HEALTH CARE TODAY RELIES ON ELECTRICITY to power equipment delivering an array of patient care functions. A visit to even a general care room in a hospital clearly demonstrates that electro-medical equipment is in constant use to provide high-quality patient care. As sophisticated as this equipment is, however, it does not operate without reliable power delivered through the facility’s fixed electrical infrastructure.
Health care occupancies have been specifically covered by the National Electrical Code® (NEC®) since the 1953 edition. The original concern was to safeguard against electrical ignition sources in areas where flammable anesthetics were administered. While these requirements are still found in the code, the fact is that nonflammable anesthetizing agents are used almost exclusively in U.S. health care facilities today.
Subsequent editions of the code addressed a variety of other electrical safety hazards, and today NEC Article 517, Health Care Facilities, contains installation requirements to safeguard patients against exposure to electrical current, provide for an adequate number of receptacles and circuits in patient locations, and help ensure continuity of electric power if the normal source is interrupted.
The 2014 NEC includes some important changes related to health care facilities, updates that bring the electrical infrastructure requirements in line with the need for electrical power associated with current health care practices. One key set of changes focuses on the terms used in the requirements covering health care facilities.
First, the term “emergency system” has been deleted. In past editions, the emergency system was one of two primary subdivisions — the other was the equipment system — of the essential electrical system. The emergency system was further subdivided into the life safety branch and the critical branch. The substantiation for this proposal noted that use of the term “emergency system” in Article 517 confused code users who were sorting out the proper application of requirements in Article 517 versus the requirements of Article 700, Emergency Systems. The essential electrical system of a hospital will now consist of three subdivisions: the equipment branch, the life safety branch, and the critical branch. Only the life safety branch must meet the requirements of Article 700.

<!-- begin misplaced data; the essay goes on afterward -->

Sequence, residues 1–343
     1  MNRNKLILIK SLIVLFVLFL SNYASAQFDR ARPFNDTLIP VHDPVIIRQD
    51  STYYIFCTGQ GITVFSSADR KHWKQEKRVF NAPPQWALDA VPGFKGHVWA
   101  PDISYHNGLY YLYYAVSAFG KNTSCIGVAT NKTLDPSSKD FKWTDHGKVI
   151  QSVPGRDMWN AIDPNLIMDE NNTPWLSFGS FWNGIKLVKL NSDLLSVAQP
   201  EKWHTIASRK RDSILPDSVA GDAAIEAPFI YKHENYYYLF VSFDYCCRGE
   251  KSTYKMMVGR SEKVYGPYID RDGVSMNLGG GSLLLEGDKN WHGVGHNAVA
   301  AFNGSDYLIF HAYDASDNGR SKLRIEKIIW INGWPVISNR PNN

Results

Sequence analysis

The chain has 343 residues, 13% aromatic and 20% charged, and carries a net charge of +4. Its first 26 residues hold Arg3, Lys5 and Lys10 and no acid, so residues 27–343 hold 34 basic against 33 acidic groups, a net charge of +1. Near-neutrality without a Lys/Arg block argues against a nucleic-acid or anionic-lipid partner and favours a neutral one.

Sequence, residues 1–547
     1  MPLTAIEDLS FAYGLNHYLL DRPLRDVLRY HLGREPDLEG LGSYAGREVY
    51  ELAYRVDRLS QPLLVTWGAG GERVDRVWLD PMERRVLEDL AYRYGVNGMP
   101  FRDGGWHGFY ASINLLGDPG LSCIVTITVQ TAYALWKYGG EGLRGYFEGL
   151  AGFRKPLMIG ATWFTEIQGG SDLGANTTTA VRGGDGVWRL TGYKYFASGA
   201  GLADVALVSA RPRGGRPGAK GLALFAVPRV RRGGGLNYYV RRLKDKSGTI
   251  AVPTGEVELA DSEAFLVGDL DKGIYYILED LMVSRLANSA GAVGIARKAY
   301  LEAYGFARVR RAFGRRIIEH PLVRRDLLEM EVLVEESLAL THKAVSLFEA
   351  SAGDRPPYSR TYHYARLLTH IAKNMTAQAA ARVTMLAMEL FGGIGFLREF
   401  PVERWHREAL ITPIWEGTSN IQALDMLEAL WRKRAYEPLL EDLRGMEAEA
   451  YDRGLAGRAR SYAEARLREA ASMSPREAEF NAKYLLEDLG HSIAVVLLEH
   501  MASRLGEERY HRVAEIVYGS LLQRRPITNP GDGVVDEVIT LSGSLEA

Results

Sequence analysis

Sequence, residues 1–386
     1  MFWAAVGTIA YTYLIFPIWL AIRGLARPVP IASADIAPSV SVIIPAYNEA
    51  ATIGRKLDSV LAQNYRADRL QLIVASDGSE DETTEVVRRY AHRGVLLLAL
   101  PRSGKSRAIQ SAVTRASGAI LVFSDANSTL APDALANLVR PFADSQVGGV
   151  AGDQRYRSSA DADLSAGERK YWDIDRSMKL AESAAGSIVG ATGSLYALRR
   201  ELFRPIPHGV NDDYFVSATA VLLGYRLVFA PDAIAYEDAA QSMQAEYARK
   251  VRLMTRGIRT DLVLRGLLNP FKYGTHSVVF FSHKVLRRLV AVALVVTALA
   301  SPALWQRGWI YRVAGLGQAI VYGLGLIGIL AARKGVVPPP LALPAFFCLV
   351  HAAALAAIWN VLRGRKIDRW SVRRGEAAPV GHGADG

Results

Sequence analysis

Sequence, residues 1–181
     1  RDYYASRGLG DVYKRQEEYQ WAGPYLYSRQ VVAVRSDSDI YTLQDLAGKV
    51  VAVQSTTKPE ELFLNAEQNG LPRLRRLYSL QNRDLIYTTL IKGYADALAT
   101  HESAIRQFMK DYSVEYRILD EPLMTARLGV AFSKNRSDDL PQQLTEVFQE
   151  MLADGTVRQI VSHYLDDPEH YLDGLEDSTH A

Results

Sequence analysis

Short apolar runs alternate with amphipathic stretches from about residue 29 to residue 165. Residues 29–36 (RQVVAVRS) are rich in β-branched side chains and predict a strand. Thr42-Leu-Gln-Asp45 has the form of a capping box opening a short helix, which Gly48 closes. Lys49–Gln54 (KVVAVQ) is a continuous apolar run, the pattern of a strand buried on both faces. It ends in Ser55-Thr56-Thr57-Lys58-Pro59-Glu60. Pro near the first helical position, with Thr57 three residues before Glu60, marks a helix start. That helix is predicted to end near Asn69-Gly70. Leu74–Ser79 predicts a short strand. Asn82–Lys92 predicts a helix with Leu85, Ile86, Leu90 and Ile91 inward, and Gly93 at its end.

A dynamic in Article 517 directly affects many of its requirements. Two technical committees are responsible for electrical safety requirements for health care facilities, and both operate within the boundaries of a specific scope of responsibility assigned by the NFPA Standards Council. The Technical Committee on Electrical Systems, responsible for Chapter 6 of NFPA 99, Health Care Facilities, is charged with developing requirements that affect the performance of electrical systems in health care occupancies. Code-Making Panel 15, responsible for Article 517 of the NEC, is charged with the development of installation requirements that protect people and property against the hazards taht arise from the use of electricity.
There is a synergy between the groups’ efforts, and the result of their technical activities is to ensure electrical safety for patients and health care workers. In fact, many of the Article 517 requirements are extracted from NFPA 99. For example, definitions from Chapter 3 and performance-related installation provisions from Chapter 6 are prevalent in Article 517. These definitions and requirements are annotated by bracketed references to the NFPA 99 requirements on which they are based.
In my next column, I’ll cover more of the changes to the NEC that affect electrical installations and their performance in the health care environment.
Jeffrey Sargent is a regional electrical code specialist for NFPA.